Hot Topics: Debunking the Flex Time Myth
Corporate flex-work programs -- often cited as a way for companies to hang onto midlife and boomer workers -- aren't as widespread as they appear, according to Stephen Sweet, a visiting scholar at Boston College's Sloan Center on Aging & Work.
Some companies with flex programs, which allow employees to work where or when they want, only make them available to a fraction of their staff, in some cases as few as 1 percent, Sweet writes on the center's blog.
"The question today concerns how to expand the bright side of flexible work to wider segments of the work force -- especially the options to reduce work," Sweet says. "Until we are able to do this, lives will continue to be reconfigured to match the workplace, rather than workplaces configured to match lives."
In other news this week:
FBI Reveals Secret Steve Jobs Dossier: The Apple co-founder was once considered by George H. W. Bush's administration for a position on the president's Export Council, according to previously secret FBI files released earlier this week. The files also reveal a $1 million bomb threat against Apple in 1985, shortly before Jobs was forced out of the company. The threat came from an "unidentified male caller" in a series of phone calls, though an FBI probe turned up no unusual activity, according to a HuffPost story. The bulk of the file is related to a 1991 background check for the prospective presidential appointment, including interviews with more than 29 people. Friends acknowledged Jobs' previous drug use, called him "spartanlike" and "monastic" and predicted he would "make a positive contribution on the national scene," according to the report.
EBay Founder's Philanthropic Second Act: Since becoming "ridiculously rich" after the online auction site he created went public, 44-year-old Pierre Omidyar and his wife, Pam, have committed more than $1 billion to hundreds of charitable causes while maintaining a low-key, modest lifestyle, according to a rare interview with USA Today. For the past decade, the technology billionaire has been largely quiet about his philanthropic activities, which include running four charity organizations, a nonprofit investigative news organization covering Hawaii, and an emerging leaders program in that state patterned after the White House Fellows, according to the newspaper. Why talk now? "I'm worried about the American dream," Omidyar says. Despite his status, Omidyar drives a Prius, his wife drives a minivan, and they and their children live "in a modest home in Honolulu," according to the story.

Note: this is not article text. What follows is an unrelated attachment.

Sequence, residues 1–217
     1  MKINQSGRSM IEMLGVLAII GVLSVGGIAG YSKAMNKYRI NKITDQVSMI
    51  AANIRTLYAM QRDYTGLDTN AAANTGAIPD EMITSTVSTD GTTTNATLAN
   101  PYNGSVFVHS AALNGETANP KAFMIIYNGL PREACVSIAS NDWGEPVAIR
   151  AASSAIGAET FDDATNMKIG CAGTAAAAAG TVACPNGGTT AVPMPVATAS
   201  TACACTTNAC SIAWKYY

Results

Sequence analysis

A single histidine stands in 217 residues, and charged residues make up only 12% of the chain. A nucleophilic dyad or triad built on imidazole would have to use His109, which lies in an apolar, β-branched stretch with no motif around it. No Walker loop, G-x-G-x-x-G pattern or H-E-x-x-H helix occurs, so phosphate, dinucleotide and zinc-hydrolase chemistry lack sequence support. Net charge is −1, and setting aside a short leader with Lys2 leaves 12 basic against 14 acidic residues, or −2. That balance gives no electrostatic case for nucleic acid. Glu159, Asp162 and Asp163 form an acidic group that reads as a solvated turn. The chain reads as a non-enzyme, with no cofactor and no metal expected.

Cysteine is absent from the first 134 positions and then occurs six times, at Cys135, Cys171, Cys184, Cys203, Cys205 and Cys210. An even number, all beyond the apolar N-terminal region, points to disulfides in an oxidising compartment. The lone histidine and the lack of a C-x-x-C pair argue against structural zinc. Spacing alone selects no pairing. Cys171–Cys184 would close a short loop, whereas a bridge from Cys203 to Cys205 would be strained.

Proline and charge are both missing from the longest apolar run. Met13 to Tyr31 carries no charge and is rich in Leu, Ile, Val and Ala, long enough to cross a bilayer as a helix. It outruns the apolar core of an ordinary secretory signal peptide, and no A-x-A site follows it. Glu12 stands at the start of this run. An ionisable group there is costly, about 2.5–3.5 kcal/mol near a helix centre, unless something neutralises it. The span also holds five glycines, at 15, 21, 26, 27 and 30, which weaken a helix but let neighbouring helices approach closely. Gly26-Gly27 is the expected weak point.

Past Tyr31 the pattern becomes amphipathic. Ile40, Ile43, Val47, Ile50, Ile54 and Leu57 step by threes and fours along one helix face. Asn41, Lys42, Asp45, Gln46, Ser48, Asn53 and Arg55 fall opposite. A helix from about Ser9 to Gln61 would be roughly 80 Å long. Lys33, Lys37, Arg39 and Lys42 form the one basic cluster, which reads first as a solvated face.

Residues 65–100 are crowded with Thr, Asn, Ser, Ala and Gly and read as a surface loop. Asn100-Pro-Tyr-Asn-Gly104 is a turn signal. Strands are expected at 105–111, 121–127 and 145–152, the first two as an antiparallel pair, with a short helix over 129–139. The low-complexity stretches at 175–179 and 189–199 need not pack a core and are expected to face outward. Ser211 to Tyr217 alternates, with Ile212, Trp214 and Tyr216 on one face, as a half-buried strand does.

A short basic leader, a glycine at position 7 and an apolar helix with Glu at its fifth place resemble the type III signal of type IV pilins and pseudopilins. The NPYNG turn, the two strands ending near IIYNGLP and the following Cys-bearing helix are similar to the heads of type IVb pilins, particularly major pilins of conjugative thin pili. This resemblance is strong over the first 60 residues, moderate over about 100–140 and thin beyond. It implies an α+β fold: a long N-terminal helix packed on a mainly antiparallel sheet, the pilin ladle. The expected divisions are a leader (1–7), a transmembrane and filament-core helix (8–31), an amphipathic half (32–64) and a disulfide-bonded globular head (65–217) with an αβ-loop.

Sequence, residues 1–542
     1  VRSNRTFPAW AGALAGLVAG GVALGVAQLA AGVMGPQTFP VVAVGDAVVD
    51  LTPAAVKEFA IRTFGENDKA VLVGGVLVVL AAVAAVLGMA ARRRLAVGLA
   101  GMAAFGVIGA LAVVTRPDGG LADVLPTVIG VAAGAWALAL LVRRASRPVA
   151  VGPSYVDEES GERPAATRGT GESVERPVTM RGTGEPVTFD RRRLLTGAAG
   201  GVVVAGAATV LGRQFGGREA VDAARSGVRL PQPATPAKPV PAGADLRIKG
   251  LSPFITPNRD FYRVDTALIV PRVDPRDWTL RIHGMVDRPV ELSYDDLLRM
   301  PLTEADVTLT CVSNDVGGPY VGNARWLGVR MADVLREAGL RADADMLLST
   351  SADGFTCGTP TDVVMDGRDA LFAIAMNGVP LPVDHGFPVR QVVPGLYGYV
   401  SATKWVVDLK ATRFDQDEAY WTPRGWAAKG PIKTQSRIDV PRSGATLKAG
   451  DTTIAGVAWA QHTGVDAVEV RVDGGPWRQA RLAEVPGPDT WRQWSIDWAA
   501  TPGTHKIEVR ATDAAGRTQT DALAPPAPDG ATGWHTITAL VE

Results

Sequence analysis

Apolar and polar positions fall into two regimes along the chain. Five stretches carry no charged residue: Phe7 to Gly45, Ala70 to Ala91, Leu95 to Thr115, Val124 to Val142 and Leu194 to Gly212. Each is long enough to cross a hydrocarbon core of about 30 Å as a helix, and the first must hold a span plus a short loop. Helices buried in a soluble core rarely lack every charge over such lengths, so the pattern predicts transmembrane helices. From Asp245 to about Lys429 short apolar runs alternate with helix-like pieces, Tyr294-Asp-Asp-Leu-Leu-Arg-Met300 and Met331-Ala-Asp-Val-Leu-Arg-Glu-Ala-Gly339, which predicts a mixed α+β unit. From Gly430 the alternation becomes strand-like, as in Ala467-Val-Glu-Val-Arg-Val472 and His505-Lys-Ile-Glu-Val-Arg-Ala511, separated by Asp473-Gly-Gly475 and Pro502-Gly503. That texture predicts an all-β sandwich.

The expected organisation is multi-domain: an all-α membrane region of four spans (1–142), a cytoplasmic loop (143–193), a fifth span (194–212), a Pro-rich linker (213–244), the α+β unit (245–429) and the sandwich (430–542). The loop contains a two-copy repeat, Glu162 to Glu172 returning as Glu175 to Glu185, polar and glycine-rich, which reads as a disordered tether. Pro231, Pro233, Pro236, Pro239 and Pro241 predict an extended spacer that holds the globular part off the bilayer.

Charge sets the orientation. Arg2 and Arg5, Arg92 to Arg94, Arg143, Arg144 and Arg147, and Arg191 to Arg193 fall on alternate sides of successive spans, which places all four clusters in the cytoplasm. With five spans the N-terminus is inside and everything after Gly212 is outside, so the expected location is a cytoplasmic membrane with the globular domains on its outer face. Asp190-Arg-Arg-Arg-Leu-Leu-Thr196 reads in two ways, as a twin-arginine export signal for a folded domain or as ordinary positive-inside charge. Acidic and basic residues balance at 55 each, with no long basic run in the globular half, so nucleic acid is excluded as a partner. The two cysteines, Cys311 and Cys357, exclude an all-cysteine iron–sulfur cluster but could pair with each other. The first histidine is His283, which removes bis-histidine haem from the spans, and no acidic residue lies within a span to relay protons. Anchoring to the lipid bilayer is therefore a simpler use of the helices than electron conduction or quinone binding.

From Police Officer to Bereavement Organizer: During 19 years with the Royal Canadian Mounted Police, Kim Watt-Senner often collected evidence at sudden-death crimes scenes, where she saw overwhelmed families grappling with funeral arrangements and how to deal with the estates of the victims. When she retired from the force, the Kamloops, British Columbia, resident used her experience to become a bereavement estate liquidator, helping families sort keepsakes from junk, auction off valuables and clean up homes for sale, according to a Globe and Mail article. "Nobody had been doing what I wanted to do," she tells the paper. In three years since starting her business, Watt-Senner has opened Everything Organized locations in several western Canadian cities, and branched out into other types of organization, including helping older adults downsize to condos or nursing homes.
Travelers Take to Tablets: At any given moment, one in 12 U.S. airplane passengers is using a tablet computer or e-reader, according to a new study from the Chaddick Institute for Metropolitan Development at DePaul University in Chicago. Tablet computers account for close to 30 percent of devices used on commercial flights, as well as 13.5 percent of devices used on inter-city trains and 12.9 percent on commuter buses, according to the report. Even though the number of airlines offering power outlets in gate waiting areas and on-board WiFi has increased significantly in recent years, train and bus travel remains more tech-friendly, according to the report.
The End of House: The quirky medical drama headlined by a grouchy, pill-popping, cane-wielding genius played by Hugh Laurie will end its eight-year run in May. The popular Fox TV show's producers said in a joint statement with the 52-year-old actor that they always imagined Dr. House as "an enigmatic creature; he should never be the last one to leave the party. How much better to disappear before the music stops, while there is still some promise and mystique in the air."
Deadline Nears for 2012 Purpose Prize Nominations: Innovators over 60 are eligible to apply for the $100,000 awards, often referred to as the "genius grants" for second-acters. The San Francisco-based Civic Ventures bestows the annual prizes on five social entrepreneurs who build organizations that help their communities or the world. Nominations are due March 30. In 2011, Purpose Prize winners included the founder of an organization that helps Chinese orphans, the head of a group providing safe stoves to people in developing countries and the leader of a Detroit business incubator.
Last Word: "I am here to say that anything, really, is possible...if you want it badly enough, you WILL find a way to get it done. Whether it's getting your pilot's license or doing your first stand-up gig or composing a song. I'm living proof. And I'm certifiably over 50. Fabulous freaking fifty." -- Lee Woodruff, on completing her first novel, at HuffPost
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